Marx’s theory of alienation can be used to explain the current condition of the capitalist economy treatment of students by simply alienating them as such and not as future debtors or contributors to the economy as workers. Further, the theory can be used to explain the relationship surrounding the expansion of the population of the college students in line with the increasing levels of students’ debts. Similarly, it explains the rise of population of college students with regard to the increase in contingent work in the USA.
Foremost, contingent work is labor that is characteristic of temporal basis with no job security, it is also work that is done part time and as such it is as well paid on an hourly basis or on completion of the task. Hence, contingent work does not constitute salary nor fixed wages, neither does it offer employment on permanent basis. The theory of alienation on this premise explains that through alienation of the worker from the production process where the laborer does not own the process of production students are alienated as students and not as future workers contributing to the economy. Many college students are offered casual jobs especially during the holidays to attract them in making some cash to pay for their tuition and other educational needs. However, these casual jobs are actually contingent jobs where the former has some level of consistency while the latter gives no promise of sustainability. As a matter of fact, contingent jobs do not offer any form of future financial security.
Secondly, Marx in his theory presents an analogy where alienation of the worker stems from the production process. In the same line the student is estranged from the efforts he or she places in contingent work only to contribute to the sustenance of his/her own education. Worse the cost of higher education continues to rise in the USA which makes the student estranged by the capitalist system. In essence, the student becomes dependent on the contingent jobs to meet the requirements of his or her education. Students find themselves in financial debt in hopes of sustaining their education in college only to fall back into contingent labor as a means to pay off this debt. As more students’ access college education more of them generate debt that is as a result of a capitalist society offering them contingents rather than sustainable jobs thus alienating students as students.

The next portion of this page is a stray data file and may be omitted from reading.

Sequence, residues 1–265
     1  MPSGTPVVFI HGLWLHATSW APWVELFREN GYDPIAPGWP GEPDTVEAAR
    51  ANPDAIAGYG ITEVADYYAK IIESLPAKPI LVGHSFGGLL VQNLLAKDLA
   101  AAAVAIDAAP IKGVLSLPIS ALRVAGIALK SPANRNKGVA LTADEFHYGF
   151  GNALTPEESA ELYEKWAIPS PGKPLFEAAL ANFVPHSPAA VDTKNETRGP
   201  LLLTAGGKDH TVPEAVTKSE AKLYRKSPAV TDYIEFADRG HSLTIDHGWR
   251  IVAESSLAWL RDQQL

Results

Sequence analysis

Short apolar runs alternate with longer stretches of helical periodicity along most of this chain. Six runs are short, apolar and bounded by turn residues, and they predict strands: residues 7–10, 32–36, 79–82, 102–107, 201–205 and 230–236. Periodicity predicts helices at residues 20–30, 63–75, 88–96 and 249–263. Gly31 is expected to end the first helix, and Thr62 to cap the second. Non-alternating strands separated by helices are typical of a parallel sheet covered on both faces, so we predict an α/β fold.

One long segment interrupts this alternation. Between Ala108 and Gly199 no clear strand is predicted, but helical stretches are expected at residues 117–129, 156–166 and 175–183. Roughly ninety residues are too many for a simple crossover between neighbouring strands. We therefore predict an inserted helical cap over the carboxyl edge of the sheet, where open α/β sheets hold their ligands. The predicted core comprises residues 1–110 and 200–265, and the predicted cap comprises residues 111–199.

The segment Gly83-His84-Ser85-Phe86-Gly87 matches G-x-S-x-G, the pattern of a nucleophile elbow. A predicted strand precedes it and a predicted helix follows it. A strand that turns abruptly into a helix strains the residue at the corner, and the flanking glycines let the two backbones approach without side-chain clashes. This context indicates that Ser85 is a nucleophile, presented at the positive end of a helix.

Thirdly, Marx speaks of alienation based on estrangement of man by man basically where the worker feels alienated from his employer in terms of class differentiation as a result of the capitalist economy. In effect, the laborer see’s themselves as lesser to their bosses (capitalists) who own their means of survival (jobs) by enriching themselves with their efforts. This context on the American college goer is such that the capitalist society has estranged him or her to only serve in contingent jobs as they have not been offered a place in more formal employment. Students are therefore only given the option of working part time and paid on part time basis. Moreover, students are not treated as future workers since they are not given the opportunity to generate sustainable income as other workers in the capitalism system.
Lastly, Marx speaks of estrangement from humane identity, the worker finds himself excluded from identifying with aspects of humanity due to the mistreatment and unfairness that is eminent in the capitalist system. For this reason, the worker does not find purpose in his life rather than their job as a means to survive. The same scenario in the context of the American college student is such that the students constantly find themselves at pains to fit in the capitalist system where it is increasingly becoming paramount to have an education in order to get jobs in the capitalist system. This explains why more and more students continue to flock American universities in search of an education. As a result the student is alienated from the society as they are not deemed as fitting in the capitalist society without college education. They therefore strive to attain their degrees in order to fit in. Consequently, they sustain this need through debts which they strive to pay for with the limited opportunities offered to them in contingent labor.
In essence, the discussion finds that Marx’s alienation theory to a great extend can be used to explain the estrangement of American college going students as students rather than as future contributors to the American capitalist economy as laborers or debtors. This alienation is in the jobs that are offered to college going students and opportunities for wealth creation that are only available in contingent opportunities. Further, students find themselves alienated from the capitalist society by the pressures that capitalism places on higher education as a means to get jobs in future. As a result students are alienated as students since they cannot become part of the capitalist system (i.e. get decent jobs) without a college degree. Principally, the Marx’s theory of alienation is instrumental in explaining the alienation of the American college going student as discussed.
Graff, Holly. Marx's Theory of Alienation. 2014. Oakton. 24 3 2014. <http://www.oakton.edu/user/2/hgraff/Alienation%20summary.htm>.